The New York Intellectual Property Law Association brief said: “While Mayo and Alice presented a two-part ‘framework' to address when a particular claimed invention preempts a ‘fundamental principle,' neither case purported to have that framework replace a preemption inquiry nor authorize a court to ignore the ultimate question, i.e., does the claim preempt a fundamental principle instead of merely claim a practical application of such a principle?”

The second case reference was to Alice Corp. Pty Ltd. v. CLS Bank Int'l, 134 S. Ct. 2347, 2014 BL 170103, 110 U.S.P.Q.2d 1976 (2014), which arguably has had an even more devastating effect on computer-related inventions than Mayo has had on diagnostic methods.

Ripple Effect Overseas?

Finally, two briefs presented concerns about the panel decision from overseas.

“The panel’s interpretation of the Supreme Court’s precedent puts the US patentable subject matter eligibility standard at odds with those of other industrial nations,” according to the BioIndustry Association, a United Kingdom trade association of over 300 member organizations.

“It is a setback in long-standing efforts to harmonize patents laws,” the association claimed. “Moreover, foreign and multinational companies would be additionally disadvantaged because, as a practical matter, in the absence of patent protection in the US, their inventions would not be protectable as trade secrets. These companies would be forced to choose between patent protection in the rest of the world (except the US) or trade secret protection everywhere.”

Paul Gilbert Cole, a U.K. patent attorney, questioned whether the ruling violates the U.S.'s commitments under Article 27 of the Agreement on Trade-Related Aspects of Intellectual Property Rights, directed to patentable subject matter.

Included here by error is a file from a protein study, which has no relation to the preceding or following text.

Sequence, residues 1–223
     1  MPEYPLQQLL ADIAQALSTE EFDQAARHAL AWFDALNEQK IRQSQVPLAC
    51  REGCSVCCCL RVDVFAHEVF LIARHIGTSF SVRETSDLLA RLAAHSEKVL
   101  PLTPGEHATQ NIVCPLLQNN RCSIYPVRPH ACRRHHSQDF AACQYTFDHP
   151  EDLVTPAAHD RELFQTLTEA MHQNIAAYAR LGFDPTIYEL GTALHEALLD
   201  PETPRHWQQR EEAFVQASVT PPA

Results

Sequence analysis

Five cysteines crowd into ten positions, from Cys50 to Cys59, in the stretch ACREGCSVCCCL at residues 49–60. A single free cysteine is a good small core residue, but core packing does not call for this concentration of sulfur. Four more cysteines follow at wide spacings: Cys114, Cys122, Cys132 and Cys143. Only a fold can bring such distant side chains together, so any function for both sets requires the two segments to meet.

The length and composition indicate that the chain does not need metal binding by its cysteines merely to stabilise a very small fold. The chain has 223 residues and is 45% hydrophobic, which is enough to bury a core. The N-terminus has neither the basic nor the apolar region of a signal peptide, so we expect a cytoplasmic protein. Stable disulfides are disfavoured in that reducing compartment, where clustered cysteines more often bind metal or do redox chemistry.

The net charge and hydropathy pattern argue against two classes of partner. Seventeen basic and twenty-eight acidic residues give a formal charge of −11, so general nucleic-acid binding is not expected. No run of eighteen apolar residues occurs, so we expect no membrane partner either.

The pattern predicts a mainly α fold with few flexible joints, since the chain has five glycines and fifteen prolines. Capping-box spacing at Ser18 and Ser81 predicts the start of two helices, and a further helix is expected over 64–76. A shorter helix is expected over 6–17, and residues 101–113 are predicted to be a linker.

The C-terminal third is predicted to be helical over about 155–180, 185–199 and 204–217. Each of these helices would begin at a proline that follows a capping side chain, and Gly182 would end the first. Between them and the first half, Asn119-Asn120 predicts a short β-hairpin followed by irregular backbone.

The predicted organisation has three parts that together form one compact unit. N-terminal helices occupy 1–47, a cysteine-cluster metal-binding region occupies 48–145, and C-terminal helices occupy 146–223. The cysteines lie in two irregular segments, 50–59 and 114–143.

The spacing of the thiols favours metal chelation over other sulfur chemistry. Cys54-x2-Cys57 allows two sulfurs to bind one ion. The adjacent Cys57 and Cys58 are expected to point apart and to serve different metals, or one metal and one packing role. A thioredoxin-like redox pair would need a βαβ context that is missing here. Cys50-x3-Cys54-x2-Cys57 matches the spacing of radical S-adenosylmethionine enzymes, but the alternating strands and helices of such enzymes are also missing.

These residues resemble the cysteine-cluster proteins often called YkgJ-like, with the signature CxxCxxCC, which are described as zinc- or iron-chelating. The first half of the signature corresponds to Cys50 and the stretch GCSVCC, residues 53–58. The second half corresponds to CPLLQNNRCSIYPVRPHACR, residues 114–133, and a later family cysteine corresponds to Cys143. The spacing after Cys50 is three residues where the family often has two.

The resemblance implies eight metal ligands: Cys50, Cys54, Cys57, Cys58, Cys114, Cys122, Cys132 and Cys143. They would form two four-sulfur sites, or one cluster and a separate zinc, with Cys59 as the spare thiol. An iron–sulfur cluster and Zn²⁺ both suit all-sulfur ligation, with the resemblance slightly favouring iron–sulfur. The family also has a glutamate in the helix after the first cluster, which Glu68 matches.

“This case is an example of an internationally discordant, not harmonious, result, contrary to the eligibility requirements of TRIPS Article 27,” he said. “Eligibility of the corresponding European patent was never disputed and it was held unobvious for solving the technical problem of detecting fetal nucleic acid with higher sensitivity.”

“It is wrong that a patent that survived obviousness challenge in Europe should be held ineligible in the U.S.,” Cole said.

List of Briefs

The full list of briefs filed by friends of the court:

• 23 law professors, led by Adam Mossoff of the George Mason School of Law, Arlington, Va., and submitted by Kevin E. Noonan of McDonnell Boehnen Hulbert & Berghoff LLP, Chicago.

• Amarantus Bioscience Holdings Inc., Personalis Inc. and Population Diagnostics, Inc., filed by Gideon A. Schor of Wilson Sonsini Goodrich & Rosati, New York.

• BioIndustry Association, filed by Konstantin M. Linnik of Nutter McClennen & Fish LLP, Boston.

• Biotechnology Industry Organization and Pharmaceutical Research and Manufacturers of America, filed by Christopher M. Holman of Hovey Williams LLP and a professor at the University of Missouri-Kansas City School of Law.

• Coalition for 21st Century Medicine, filed by Benjamin G. Jackson of Myriad Genetics Inc., Salt Lake City.

• Paul Gilbert Cole, filed by Donald L. Kuhn Jr. of McDonnell Boehnen Hulbert & Berghoff LLP, Chicago.

• Intellectual Property Owners Association, filed by Teige P. Sheehan of Heslin Rothenberg Farley & Mesiti P.C., Albany, N.Y.

• Jyant Technologies Inc., filed by Matthew J. Dowd of Andrews Kurth LLP, Washington.

• Jeffrey A. Lefstin and Peter S. Menell, professors at the University of California Hastings College of Law, San Francisco.

• New York Intellectual Property Law Association, filed by John D. Murnane of Fitzpatrick, Cella, Harper & Scinto, New York.

• Novartis AG, filed by the firm's counsel in Basel, Switzerland.

• Wisconsin Alumni Research Foundation, Marshfield Clinic and MCIS Inc., filed by Dan L. Bagatell of Perkins Coie LLP, Phoenix.

Thomas C. Goldstein of Goldstein & Russell PC, Bethesda, Md., filed Sequenom's rehearing petition. Kaye Scholer LLP, in Palo Alto and San Diego, Calif., also represents the patent owner.

Irell & Manella LLP and Russ August & Kabat, both in Los Angeles, represent Ariosa. Bartko, Zankel, Bunzel & Miller, San Francisco, and Gibson, Dunn & Crutcher LLP, in Washington and Dallas, represent Natera Inc., a co-appellee also potentially liable as an infringer of Sequenom's patent.

To contact the reporter on this story: Tony Dutra in Washington at

To contact the editor responsible for this story: Mike Wilczek in Washington at

Text of petition for rehearing at